Noah Smith draws parallels between the growth and development of traditionally poor countries in Southeast Asia and the laggards in Africa (“Why Africa needs a Southeast Asia-type of renewal”, December 5).

He states: “Southeast Asia was once almost completely colonised by European powers and much of it was devastated by wars and internal strife in the mid 20th century. The 1997 Asian financial crisis was a particularly long-lasting setback. But in the 2010s growth accelerated all across the region, the standout being Vietnam, whose living standards have quintupled since 1990.”

Smith adds that Vietnam has liberalised its economy, privatised state-owned enterprises (SOEs) and promoted manufacturing and exports. Indonesia and the Philippines are entering a phase of explosive growth, with incomes that have doubled since the turn of the century. He continues: “an entire region growing like gangbusters is an incredible accomplishment and demonstrates the success of decolonisation and globalisation”.

Smith claims this success was based on “making stuff” with the added benefit of the geographical proximity of wealthy countries such as China, Taiwan and Japan, but adds, politely, that these factors “should not prevent individual African countries from trying hard to industrialise on their own”.

However, a glaring omission from Smith’s analysis is any reference to work ethic, productivity, integrity, initiative, skills, hard work, commitment and dedication. The sad fact is that in SA we don’t “make stuff” and we don’t “try hard”. Twenty-six years after the advent of democracy we are still unable to perform because of the debilitating effects of colonisation.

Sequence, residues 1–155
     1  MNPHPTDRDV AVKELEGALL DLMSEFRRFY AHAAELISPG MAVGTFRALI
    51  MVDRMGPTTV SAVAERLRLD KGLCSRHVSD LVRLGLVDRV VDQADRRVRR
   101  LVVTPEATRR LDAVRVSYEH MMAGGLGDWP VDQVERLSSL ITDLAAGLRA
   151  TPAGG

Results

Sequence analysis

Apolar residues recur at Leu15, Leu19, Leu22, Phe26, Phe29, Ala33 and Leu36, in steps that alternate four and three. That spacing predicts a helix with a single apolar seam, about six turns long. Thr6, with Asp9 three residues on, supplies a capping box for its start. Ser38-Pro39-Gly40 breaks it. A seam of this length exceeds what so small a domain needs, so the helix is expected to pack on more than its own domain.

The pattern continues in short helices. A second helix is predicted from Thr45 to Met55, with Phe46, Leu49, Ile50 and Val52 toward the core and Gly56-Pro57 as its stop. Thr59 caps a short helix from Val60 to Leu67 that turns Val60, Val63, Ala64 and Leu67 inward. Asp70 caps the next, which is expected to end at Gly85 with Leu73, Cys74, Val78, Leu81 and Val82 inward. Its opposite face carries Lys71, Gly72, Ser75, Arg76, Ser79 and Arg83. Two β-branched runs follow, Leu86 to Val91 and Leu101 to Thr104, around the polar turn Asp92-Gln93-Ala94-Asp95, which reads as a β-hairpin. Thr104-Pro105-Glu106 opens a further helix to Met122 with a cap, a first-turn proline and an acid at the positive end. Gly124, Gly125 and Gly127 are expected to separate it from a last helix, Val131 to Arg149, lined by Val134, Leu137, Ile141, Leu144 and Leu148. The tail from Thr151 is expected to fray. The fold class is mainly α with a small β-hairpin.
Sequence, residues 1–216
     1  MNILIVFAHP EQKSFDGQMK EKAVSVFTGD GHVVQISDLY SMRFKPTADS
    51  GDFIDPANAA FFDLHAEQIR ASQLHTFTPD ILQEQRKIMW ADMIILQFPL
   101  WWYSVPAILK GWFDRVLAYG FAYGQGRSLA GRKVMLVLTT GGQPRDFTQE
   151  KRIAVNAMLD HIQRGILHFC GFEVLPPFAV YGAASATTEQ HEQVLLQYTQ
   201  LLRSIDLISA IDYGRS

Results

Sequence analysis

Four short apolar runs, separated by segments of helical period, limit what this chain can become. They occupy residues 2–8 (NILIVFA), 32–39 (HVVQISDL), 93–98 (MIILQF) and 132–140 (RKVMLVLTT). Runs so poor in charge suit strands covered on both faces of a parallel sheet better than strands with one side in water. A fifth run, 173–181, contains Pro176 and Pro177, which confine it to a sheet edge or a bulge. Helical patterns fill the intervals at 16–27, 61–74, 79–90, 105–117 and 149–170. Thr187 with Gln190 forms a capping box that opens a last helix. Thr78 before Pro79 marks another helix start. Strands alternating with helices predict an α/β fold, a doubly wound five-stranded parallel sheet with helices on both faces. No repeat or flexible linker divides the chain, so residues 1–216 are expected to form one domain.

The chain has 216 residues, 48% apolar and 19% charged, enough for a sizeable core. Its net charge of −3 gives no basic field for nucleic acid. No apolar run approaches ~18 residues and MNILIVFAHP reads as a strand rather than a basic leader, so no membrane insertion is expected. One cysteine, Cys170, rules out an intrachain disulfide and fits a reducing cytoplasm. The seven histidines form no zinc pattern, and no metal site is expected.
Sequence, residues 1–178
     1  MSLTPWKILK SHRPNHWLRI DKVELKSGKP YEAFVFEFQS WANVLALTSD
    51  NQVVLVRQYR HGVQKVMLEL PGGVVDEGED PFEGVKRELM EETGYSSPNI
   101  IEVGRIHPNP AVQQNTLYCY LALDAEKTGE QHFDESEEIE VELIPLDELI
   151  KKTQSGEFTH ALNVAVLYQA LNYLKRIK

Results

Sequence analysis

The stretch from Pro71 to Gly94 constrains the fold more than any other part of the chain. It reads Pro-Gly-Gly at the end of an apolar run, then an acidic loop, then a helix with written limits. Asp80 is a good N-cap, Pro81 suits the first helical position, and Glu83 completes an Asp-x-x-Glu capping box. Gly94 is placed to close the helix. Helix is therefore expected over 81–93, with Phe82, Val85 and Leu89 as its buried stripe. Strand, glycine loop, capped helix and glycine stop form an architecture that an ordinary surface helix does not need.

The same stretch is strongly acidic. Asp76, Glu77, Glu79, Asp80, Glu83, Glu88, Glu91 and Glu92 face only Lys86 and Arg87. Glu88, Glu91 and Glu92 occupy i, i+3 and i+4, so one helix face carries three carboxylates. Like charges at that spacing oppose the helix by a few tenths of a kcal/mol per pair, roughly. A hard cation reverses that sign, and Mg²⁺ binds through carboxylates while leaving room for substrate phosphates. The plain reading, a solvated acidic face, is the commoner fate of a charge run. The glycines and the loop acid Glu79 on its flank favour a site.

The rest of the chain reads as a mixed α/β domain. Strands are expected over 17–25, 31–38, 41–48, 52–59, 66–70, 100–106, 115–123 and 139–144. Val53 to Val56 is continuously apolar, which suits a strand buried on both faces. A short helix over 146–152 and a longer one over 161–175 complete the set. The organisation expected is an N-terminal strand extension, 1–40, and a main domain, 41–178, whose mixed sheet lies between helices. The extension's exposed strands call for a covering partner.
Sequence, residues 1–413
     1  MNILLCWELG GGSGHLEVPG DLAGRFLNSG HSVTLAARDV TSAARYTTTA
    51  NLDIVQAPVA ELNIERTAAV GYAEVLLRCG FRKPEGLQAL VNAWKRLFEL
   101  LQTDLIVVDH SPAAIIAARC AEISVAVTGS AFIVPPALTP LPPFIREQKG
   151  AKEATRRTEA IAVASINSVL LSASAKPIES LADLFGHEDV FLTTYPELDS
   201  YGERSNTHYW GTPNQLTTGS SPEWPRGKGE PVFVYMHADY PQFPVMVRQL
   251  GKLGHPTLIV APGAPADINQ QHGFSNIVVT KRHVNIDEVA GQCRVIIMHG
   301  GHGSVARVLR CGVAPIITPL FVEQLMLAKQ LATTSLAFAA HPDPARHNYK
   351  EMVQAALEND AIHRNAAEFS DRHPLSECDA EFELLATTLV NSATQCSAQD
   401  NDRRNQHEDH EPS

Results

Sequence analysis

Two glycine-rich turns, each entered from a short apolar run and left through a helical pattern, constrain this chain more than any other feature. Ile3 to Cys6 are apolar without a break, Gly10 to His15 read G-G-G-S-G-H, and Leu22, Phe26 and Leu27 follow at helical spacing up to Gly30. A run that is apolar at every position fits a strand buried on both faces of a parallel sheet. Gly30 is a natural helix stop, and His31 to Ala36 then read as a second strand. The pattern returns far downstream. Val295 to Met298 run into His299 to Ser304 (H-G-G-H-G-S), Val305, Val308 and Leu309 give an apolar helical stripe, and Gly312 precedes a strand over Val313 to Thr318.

We need policies such as broad-based BEE to protect us from the influence of a dwindling number of “evil” whites. We don’t work hard, we work less for more pay. We don’t “make stuff” — that’s too complex and far too onerous. We cannot run SOEs, but will never consider privatising them as did Vietnam. We cannot manage a post office, a rail network, an airline, a bank (without stealing all the money), hospitals, schools, public toilets, even potholes.

We have a speaker of the House who cannot manage a pig farm, a top-six governing party official who is the subject of an entire book entitled Gangster State; a public protector who is, in effect, an enemy of the state but cannot be dispensed with; and a legal commission of inquiry into state capture that needs two to three years to complete its work.

The only way we in SA will ever aspire to the achievements of Southeast Asia is if we import Southeast Asians.

John Perry

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